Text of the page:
I’ve always made up stories, even as a child. When I was six years old my parents bought me an empty notebook so I could write them them down. I didn’t, because I was lazy, but I’d tell them to my stuffed animals, and on car journeys I’d tell them to myself.
The other thing I’ve always dedicated a lot of time to was reading. I am an only child therefore books were often my sole companions and I’d read 1-2 a day. There was no Internet. No Twitter. No Reddit. I had no games console and wasn’t allowed to watch TV. I had books. Hours of uninterrupted reading. Every day.
I’m convinced reading so much has helped me develop my fiction writing skills.
Writers are readers and should be readers.
“Read, read, read. Read everything–trash, classics, good and bad, and see how they do it. Just like a carpenter who works as an apprentice and studies the master. Read! You’ll absorb it. Then write. If it is good, you’ll find out. If it’s not, throw it out the window.” William Faulkner
Sometimes I read without paying attention to individual words and sentences. I simply curl up with my dogs and a cup of coffee and dive into a different world. However, I frequntly sit down with a notebook in my hands and pay close attention. It’s a way for me to learn and improve.
I look at how many points of view a book has and whether it’s told in the past or present tense. Is the narrator omniscient? I make notes of what strikes me as well-written and what jars me out of the narrative. I make notes of memorable descriptions and character flaws. I study the way the sentences are constructed and the way the book is set-up (linear vs. jumping around in time for example.) If the book is witty, I try and figure out what makes it funny. If the sentences are choppy, I dissect them to learn why they work.
How does the author finish chapters? What keeps the reader reading? If I think I know what’s going to happen, I write that down along with the things that tipped me off. Am I right? How did the author foreshadow the event? Are there red herrings? How are they introduced?
Mostly my notes are littered with ways to describe smells and feelings in English, because I’m not a native speaker and I regularly suffer from characters always nodding and scratching their heads and not doing much else while talking.
We can learn from good writing as well as from bad writing. If you read something you don’t enjoy, ask yourself: why am I not enjoying this? What isn’t working? What could be done differently that would make it more gripping? Where did the author lose me?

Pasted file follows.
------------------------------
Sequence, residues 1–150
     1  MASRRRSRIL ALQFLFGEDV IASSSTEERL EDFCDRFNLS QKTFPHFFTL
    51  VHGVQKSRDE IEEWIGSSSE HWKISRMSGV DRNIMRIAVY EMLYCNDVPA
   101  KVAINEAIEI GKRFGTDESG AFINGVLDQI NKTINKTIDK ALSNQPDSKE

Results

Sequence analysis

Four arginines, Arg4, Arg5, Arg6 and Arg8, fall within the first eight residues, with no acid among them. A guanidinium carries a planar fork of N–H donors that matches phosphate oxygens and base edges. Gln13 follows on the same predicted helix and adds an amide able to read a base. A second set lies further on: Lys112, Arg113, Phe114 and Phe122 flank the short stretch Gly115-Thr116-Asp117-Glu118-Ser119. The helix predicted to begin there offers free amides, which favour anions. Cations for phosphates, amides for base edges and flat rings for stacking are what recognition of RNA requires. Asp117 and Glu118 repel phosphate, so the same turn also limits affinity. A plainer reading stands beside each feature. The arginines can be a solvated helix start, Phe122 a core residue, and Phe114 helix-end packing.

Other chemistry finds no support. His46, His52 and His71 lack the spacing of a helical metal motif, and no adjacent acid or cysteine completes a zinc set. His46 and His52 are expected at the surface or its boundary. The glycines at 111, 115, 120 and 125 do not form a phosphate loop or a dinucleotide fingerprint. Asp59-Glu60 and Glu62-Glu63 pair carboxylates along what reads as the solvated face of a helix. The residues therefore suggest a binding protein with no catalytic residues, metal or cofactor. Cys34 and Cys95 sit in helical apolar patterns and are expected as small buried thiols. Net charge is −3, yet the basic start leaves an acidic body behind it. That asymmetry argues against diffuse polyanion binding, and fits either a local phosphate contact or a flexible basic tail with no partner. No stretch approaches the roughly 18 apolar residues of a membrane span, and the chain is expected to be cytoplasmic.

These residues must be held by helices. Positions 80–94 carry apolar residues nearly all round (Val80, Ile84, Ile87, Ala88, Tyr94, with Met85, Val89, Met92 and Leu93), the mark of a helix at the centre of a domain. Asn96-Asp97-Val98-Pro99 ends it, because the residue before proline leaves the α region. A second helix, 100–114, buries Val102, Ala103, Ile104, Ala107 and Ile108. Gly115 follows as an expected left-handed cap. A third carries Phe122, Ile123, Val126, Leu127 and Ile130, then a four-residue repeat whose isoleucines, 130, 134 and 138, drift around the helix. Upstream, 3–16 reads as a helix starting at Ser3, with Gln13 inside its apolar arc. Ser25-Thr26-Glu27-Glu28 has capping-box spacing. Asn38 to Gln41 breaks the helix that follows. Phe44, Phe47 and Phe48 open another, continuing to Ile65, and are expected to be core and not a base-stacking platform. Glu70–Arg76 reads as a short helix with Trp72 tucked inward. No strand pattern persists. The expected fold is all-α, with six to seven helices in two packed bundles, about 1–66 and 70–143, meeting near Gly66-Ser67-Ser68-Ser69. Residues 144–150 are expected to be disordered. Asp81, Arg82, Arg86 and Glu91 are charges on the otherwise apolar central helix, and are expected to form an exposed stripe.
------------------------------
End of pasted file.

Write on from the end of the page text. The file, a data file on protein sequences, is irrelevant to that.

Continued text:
I’d like to end this post with my five favourite novels of all time and what I think you can learn from them. This list often changes based on my current mood, but for now this is it:
Read Flowers for Algernon if you want to learn how to deliver an emotional punch in speculative fiction. It’s the story of a young man whose IQ is 68. He’s always been an outsider. He wishes to be smart and jumps at the opportunity to participate in an experiment that is supposed to increase his IQ. Despite this being a very short book the author manages to gut the reader at the end. Or maybe it’s just me.
Read the Count of Monte Cristo if you want to follow a perfectly plotted story. Alexandre Dumas starts with a simple tale of a young man who is good at his job and has a pretty fiancée. Four men bring him down for various reasons and he ends up rotting in prison where he plans his revenge. Dumas ties all loose ends together and shows his skill at plotting by letting the protagonist execute his plan in a meticulous manner.
Read Pride and Prejudice because… just do it. I’ve read this book 25 times. I’m not even kidding, nor am I exaggerating.
Read Foucault’s Pendulum for another perfectly executed plot. Eco rewrites history based on a conspiracy theory and the best part? It’s believable.
Read It if you want to learn how to scare people. This book (or the film) is many people’s worst nightmare. Including mine. I was eight years old when I read it. Maybe nine. I’d read a fairytale about a man who wanted to learn fear. And I decided, I too wanted to learn fear. I asked my father to buy me a scary book. He brought me scary tales for children. I laughed and told him those were for babies. I wanted to learn true fear. The next day It was sitting on my plate at dinnertime. That night the light on my bedside table stayed on. Stephen King’s strength might not be endings, but character creation and fear are two things you can learn from him.
Think of your favourite books and why you think they’re worth reading and what you can learn from them when it comes to your own writing. Don’t be shy and share your thoughts in the comments.
See you next week,